Photo Credit: Cyclesmith in Utah
Oh crap. Just when I think I know nothing about the mechanics and the maintenance of mountain bikes I realize that I know less than nothing. Can you relate? I mean in a town of people who seem to eat, sleep and ride I can’t keep up. And at some level I don’t want to. And at some level I do. And at a whole another level, I think to myself, “Self, what matters is what you do when the saddle is between your legs and your feet are on the pedals.”
But then before I know it I am wondering if I should take a bike mechanic course or if I should study diagrams of bikes. Geez. But between the dishes and the laundry and trying to stave off aging from years of sun and fun (don’t judge) and don’t even get me started on hair removal, who has the time?
The other day I was reading Bicycle Times. I know it’s not really about mountain bikes but an article about Trek and another one about how to properly lube your chain caught my eye. Wait a minute. Apparently I don’t even know how to lube my chain. I mean is it that hard? Really? So I read the article and here’s the take away:
After you apply lube (in the correct way) you need to let it be for 15 minutes. You can read the directions on your lube but…longer is better than shorter.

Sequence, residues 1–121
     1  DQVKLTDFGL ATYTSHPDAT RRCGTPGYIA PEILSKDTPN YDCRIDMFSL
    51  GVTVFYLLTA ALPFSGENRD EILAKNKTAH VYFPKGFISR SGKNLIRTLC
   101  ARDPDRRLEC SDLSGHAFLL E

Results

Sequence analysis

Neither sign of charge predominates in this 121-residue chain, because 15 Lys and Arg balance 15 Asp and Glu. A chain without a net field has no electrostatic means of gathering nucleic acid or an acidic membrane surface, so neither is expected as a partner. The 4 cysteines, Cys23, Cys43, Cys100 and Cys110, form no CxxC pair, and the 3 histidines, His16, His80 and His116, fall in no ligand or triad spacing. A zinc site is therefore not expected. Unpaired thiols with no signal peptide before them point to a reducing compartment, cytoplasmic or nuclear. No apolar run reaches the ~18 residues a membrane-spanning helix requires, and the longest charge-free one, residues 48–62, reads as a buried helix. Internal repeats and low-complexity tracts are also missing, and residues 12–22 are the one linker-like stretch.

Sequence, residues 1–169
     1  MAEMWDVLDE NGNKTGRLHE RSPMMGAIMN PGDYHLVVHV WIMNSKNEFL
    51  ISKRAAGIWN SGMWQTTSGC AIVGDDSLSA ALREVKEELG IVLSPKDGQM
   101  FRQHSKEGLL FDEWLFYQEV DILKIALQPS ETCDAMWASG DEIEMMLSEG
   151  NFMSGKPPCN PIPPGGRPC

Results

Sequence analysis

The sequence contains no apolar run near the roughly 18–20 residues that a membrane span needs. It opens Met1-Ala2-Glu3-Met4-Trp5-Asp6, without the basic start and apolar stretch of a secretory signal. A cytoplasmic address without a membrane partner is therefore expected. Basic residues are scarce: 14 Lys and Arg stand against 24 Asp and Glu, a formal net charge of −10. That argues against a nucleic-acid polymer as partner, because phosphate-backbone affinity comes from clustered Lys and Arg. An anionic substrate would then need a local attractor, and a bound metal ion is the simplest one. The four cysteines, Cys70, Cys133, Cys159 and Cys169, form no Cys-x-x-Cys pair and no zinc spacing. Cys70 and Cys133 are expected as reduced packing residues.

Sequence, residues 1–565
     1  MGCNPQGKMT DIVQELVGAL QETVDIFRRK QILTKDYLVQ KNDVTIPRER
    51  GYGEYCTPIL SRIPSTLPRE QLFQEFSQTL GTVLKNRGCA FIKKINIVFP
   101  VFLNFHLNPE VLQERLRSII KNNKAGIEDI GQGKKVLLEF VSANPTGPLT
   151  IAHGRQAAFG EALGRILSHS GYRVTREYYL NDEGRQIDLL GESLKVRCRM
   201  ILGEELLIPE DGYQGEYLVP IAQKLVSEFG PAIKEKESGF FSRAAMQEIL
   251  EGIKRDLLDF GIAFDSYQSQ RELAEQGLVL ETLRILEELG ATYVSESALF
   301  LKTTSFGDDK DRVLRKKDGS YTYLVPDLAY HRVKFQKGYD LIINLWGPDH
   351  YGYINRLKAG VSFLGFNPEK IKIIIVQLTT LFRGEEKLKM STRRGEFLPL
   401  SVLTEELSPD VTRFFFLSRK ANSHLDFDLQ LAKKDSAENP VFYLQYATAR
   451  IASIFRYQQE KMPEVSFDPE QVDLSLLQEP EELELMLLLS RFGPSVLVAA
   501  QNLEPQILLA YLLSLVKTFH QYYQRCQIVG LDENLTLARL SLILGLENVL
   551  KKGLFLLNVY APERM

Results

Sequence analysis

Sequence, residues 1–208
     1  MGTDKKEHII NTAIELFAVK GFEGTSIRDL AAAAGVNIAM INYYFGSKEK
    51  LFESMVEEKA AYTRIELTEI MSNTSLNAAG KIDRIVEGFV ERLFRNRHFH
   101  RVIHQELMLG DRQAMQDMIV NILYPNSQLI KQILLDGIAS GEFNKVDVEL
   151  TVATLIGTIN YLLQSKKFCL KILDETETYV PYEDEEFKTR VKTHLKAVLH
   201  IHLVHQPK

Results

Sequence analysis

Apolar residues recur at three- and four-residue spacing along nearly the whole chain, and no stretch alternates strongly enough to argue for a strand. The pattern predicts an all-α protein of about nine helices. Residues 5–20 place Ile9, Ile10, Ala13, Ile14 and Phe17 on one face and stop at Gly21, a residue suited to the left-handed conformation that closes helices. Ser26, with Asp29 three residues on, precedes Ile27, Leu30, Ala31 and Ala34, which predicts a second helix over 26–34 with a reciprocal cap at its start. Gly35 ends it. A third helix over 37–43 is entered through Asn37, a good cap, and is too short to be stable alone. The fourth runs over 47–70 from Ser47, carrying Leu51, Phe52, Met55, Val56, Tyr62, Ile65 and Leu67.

O.K. so now you know the ancient lube secret. And guess what else I didn’t know? Sram is pronounced SRAM not Shram. Now, I’m betting I’m the only one who inserted an “h” sound. But just in case I’m wrong you heard it here first. Wink wink. I read a lot of bike magazines. I learned recently that we can just pocket the valve cover when changing a flat. The valve covers are pretty much for the protection of the valve when they are still in the box (thanks Mountain Bike Action). Who knew? Not me.
Why am I so willing to share what I don’t know? Why humiliate myself in a community of people that knows how the proverbial wheels on the bus go round and round? I’ll tell you why. I don’t think that I’m the only one. And I remind myself of that all the time. I do know a bit and in some situations I know more than those around me. And in many others, I am a total novice. I share this because I don’t want you to get caught up in what you don’t know. I don’t want you to feel intimidated. I don’t want anything to get in between you and riding your bike and seeing what you are made of. And I want you to know a few things when you take your bike in to get maintained.
I know there’s lots of snow on the ground. And maybe you’re busy with spin classes or hair removal (winter is really the best time for that sort of thing) or maybe you’re trying your hand at jump roping (like me). But in the meantime here is a diagram of a bike. Just in case you want to learn more so you’ll feel more confident at the bike shop. And just as an FYI, in the coming weeks I’ll offer some tips on how you might improve your bike skills at some super cool camps.